Vermont Water Quality Project Restores Riverbanks, Builds Partnerships
It was a hard sell, but four farmers and other farmland owners are participating in a project that is the first of its kind in the State. The goal: to improve the health of the scenic Mad River – a key resource for recreation and tourism whose watershed contains prime fertile agricultural land. The river and the community will be helped by reestablishing some of the trees which came at no cost to the farmers and were planted by volunteers.
With NRCS spearheading the drive, the Winooski Conservation District and the Friends of the Mad River formed a partnership that offers money to farmland owners in exchange for putting eligible lands in the program.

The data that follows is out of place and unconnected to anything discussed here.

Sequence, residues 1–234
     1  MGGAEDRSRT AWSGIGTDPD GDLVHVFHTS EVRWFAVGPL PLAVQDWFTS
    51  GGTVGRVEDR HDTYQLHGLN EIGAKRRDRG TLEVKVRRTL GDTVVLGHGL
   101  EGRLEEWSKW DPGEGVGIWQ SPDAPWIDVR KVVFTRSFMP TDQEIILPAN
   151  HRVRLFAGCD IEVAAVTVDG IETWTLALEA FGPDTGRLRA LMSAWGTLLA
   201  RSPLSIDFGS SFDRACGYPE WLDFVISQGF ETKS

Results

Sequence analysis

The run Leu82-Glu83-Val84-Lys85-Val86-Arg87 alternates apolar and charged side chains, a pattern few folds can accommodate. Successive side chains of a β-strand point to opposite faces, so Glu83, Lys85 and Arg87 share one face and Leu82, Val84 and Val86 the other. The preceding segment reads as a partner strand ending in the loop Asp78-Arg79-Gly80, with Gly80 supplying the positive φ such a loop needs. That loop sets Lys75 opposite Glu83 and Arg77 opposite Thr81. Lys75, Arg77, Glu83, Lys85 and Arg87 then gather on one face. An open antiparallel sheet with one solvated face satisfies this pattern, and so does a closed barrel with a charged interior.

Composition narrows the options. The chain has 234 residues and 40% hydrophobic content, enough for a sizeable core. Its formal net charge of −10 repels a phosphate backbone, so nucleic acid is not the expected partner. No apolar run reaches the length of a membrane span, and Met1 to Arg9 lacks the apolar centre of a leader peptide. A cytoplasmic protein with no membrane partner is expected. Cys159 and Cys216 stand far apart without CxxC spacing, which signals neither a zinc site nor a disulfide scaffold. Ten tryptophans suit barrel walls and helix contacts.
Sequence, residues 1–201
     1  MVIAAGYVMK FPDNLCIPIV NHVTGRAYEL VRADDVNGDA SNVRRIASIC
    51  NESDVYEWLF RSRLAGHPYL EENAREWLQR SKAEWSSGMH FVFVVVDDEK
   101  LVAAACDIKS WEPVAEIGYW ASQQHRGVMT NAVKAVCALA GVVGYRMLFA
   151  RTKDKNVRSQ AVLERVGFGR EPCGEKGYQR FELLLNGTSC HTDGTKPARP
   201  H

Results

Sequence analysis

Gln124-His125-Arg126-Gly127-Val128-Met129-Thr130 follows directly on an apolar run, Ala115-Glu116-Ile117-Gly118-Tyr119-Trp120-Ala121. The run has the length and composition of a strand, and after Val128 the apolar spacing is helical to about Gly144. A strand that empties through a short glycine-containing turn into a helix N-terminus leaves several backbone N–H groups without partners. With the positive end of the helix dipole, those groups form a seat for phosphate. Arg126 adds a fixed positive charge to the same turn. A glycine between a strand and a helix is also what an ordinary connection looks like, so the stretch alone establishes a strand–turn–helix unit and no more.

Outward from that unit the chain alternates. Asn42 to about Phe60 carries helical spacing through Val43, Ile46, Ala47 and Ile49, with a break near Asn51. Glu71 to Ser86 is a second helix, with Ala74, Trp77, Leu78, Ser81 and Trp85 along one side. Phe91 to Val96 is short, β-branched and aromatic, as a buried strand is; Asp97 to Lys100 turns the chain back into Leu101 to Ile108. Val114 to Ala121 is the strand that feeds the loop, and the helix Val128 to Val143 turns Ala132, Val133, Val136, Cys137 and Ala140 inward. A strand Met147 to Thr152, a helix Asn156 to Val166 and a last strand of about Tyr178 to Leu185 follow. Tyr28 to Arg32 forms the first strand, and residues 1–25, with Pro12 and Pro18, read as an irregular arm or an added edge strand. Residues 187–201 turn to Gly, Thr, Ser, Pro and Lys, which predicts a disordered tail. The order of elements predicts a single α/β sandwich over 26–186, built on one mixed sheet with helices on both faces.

The program targeted farms that grow crops that are tilled annually. In all, a total of 5.6 miles of riparian corridor was set aside. Farmers were compensated $166 per acre of hayfield and $218 per acre of cornfield entered in the program. The total budget for the program – $100,000 – came from a U.S. Environmental Protection Agency grant.
The river is enhanced now by 25-foot grass filter strips, 35-foot forest buffers with trees and shrubs, buffer enhancement, and stream bank stabilization with rock wall riprap along the bank.
While river protection is important, the program is also gaining the cooperation of the farmers. Other landowners who did not qualify also did riverbank restoration as well.